When I was a kid my grandpa smoked a pipe. He would give me the cleaned out tobacco boxes to use as pencil boxes for school. There was never any question of which box belonged to me. I have to wonder, are kids allowed to use boxes advertising tobacco products at school today? School administrators take note, I never became a smoker, but I did learn the value of repurposing and recycling.
A recent article in the New York Times has the media buzzing about living simply. Advocates of simple living encourage cutting back on vanity items and minimizing possessions to the essentials, often leading to eliminating debt and a large carbon footprint for some individuals. And, perhaps you have already cut back on luxury purchases over the past few years. Maybe you've taken your saving further by reusing takeout food containers and your grandmother’s hat boxes. But, have you considered changing your lifestyle altogether?
Is it possible to pare down to the necessities, be green, and still keep style and design in mind in your home?
Beyond repurposing tobacco boxes, here a few richly illustrated book suggestions to help:
Simple Home: Calm Spaces for Comfortable Living
by: Mark and Sally Bailey
Helps you carefully consider colors and materials to create a comfortable but practical home with recycled and reclaimed items.
New Small Apartments = Nouveaux petits appartements = Neue kleine apartments
Illustrates with twenty different projects how to maximize the design and efficiency of a small space.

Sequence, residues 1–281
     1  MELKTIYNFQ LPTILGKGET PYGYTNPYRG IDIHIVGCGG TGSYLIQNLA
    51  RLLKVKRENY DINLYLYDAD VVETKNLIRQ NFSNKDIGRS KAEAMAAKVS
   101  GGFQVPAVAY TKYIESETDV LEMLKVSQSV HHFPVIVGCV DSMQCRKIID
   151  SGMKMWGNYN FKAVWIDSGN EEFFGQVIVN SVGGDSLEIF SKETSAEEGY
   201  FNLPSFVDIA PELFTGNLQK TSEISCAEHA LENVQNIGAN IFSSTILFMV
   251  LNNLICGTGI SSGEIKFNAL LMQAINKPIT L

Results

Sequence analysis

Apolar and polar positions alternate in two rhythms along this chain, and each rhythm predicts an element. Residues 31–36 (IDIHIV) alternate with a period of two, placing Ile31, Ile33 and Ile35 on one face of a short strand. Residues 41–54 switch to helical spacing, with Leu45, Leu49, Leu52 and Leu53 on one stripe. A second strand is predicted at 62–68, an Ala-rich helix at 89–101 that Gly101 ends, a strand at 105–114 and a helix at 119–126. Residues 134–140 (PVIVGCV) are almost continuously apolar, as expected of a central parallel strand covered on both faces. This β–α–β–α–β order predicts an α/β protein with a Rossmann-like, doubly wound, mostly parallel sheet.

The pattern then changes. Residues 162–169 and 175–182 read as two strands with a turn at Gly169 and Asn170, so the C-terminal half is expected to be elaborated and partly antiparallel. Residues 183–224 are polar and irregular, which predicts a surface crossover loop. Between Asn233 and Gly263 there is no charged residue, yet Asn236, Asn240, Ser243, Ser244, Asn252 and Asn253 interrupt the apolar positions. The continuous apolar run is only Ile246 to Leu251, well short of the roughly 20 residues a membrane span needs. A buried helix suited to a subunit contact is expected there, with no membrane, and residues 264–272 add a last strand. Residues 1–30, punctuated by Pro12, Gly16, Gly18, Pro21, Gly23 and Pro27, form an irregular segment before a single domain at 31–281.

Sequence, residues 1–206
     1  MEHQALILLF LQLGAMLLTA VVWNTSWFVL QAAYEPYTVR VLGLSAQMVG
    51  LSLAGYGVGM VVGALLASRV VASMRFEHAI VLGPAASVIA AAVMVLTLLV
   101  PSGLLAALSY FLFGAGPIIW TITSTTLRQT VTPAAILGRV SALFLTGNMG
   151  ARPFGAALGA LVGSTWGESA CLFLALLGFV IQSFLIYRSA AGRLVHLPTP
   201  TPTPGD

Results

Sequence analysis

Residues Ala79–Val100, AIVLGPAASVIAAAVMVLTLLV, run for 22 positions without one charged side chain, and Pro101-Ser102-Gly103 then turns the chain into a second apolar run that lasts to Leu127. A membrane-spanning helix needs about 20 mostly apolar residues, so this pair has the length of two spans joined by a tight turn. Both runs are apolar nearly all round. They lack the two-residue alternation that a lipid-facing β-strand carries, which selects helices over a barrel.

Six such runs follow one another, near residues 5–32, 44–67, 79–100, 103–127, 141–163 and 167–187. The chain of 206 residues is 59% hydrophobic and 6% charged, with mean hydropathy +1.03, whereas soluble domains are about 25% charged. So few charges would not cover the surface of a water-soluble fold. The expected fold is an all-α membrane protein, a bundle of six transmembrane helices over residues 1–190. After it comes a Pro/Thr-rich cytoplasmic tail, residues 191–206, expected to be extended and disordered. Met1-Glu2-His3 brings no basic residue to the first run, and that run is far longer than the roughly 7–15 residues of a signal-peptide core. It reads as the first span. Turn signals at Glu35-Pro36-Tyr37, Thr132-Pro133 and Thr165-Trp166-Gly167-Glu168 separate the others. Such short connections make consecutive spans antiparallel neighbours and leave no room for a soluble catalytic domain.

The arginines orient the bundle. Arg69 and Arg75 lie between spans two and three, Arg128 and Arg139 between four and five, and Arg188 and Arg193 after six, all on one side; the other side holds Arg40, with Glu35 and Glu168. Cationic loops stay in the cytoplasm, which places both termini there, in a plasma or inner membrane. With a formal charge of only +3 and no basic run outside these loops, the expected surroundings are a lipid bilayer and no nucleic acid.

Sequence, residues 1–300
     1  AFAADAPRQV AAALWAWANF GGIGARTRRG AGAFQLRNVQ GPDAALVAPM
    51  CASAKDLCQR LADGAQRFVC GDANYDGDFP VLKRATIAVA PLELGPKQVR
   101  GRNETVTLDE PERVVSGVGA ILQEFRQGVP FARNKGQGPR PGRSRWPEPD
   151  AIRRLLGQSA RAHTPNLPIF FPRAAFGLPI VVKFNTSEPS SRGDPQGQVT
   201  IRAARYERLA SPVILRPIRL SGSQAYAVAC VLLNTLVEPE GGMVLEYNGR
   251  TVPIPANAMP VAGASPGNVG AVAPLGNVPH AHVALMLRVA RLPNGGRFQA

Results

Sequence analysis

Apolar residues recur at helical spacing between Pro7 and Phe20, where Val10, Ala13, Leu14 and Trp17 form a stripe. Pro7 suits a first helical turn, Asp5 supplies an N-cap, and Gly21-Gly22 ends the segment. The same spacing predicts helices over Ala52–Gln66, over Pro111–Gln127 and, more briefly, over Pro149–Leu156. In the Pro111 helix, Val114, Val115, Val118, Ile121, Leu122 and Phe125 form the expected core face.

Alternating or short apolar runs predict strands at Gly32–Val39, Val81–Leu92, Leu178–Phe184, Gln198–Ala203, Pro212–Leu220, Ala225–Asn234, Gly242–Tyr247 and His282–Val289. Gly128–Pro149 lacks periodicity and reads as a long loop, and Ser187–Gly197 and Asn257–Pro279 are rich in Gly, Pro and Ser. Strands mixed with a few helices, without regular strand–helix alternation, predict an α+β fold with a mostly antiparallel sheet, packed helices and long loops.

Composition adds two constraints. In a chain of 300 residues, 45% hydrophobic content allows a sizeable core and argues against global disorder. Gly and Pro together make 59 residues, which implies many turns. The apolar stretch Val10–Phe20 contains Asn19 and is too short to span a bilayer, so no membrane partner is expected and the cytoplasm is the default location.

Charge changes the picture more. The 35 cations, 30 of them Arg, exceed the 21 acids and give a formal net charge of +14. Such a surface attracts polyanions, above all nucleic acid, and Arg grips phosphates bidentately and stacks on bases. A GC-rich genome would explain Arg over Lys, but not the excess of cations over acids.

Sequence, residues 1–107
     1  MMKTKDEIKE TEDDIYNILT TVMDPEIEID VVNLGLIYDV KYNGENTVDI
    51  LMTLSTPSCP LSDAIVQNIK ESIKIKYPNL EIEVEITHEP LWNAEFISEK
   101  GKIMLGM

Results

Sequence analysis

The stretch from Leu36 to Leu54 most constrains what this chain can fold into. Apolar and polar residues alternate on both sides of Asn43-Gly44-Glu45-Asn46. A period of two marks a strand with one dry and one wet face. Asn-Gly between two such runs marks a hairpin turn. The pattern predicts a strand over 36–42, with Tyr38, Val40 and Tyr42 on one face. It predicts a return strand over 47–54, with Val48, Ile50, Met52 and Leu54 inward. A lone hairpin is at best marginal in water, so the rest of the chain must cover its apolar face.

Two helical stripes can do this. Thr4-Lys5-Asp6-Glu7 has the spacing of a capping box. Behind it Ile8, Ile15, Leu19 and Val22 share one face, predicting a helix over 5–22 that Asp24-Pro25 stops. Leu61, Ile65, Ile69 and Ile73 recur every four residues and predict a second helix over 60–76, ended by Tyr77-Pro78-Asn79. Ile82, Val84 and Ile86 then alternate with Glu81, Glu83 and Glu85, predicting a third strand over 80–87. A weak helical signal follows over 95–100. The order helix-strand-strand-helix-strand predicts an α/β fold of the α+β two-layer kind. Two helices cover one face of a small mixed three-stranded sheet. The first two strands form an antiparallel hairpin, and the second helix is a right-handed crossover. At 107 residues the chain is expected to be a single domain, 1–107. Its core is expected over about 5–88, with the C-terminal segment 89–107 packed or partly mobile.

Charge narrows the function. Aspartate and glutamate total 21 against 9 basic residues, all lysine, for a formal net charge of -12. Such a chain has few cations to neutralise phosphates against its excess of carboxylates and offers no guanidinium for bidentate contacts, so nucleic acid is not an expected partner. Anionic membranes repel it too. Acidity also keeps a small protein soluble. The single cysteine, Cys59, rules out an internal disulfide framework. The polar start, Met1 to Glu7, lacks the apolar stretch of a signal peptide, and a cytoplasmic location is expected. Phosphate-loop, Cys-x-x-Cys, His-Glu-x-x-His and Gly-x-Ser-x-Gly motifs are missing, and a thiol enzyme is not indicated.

Color at Home: Creating Style with Paint
by: Meg Lesser Roberts
How to use paint colors and color palettes to create mood and drama in your home.
Green Living by Design: the Practical Guide for Eco-Friendly Remodeling and Decorating
by: Jean Nayar
A guide to environmentally-minded home building and designing to help you identify sustainable and nontoxic materials, as well as appliances and furnishings.
The Carbon Free Home: 36 Remodeling Projects to Help Kick the Fossil-Fuel Habit
by: Stephen and Rebekah Hren.
Offering an array a projects ranging from simple (planting edible perennials) to very dedicated (installing a 5-V Metal Roof), this book offers a good understanding of home energy use.
The Green Home
by Bridget Biscotti Bradley
Explains environmentally friendly, money saving options for every surface of the home ranging from wood flooring to solar panels.
New Green Homes
by: Sergi Costa Duran, Ethel Baraona Pohl, and Liliana Bollini
A good ecological home design resource containing plans, detailed drawings, and material choices.
Urban style = Maison de ville = Stdtische Hu
Examples, including plans, of ecologically designed urban buildings. From a series on Eco Architecture with text in English, French and German.
by: Irene Rawlings and Mary Abel
Trailers, buses, trains, tents, and wagons are utilitarian homes that save space and materials.
Green is Beautiful
by: Claudio Santini
Discusses issues like lighting, insulation and ventilation through examples of beautifully designed eco-friendly homes.
Design for a Living World
Catalog from an exhibition at the Cooper-Hewitt, National Design Museum on sustainable design.
Design and Truth
by: Robert Grudin
A meditation on how design communicates beyond its intended functionality from a Pulitzer Prize nominated author whose audience is the everyday observer.
Consider how the products you buy from TVs to Legos affect the environment. Discusses green toys, fabrics, energy, paper and objects.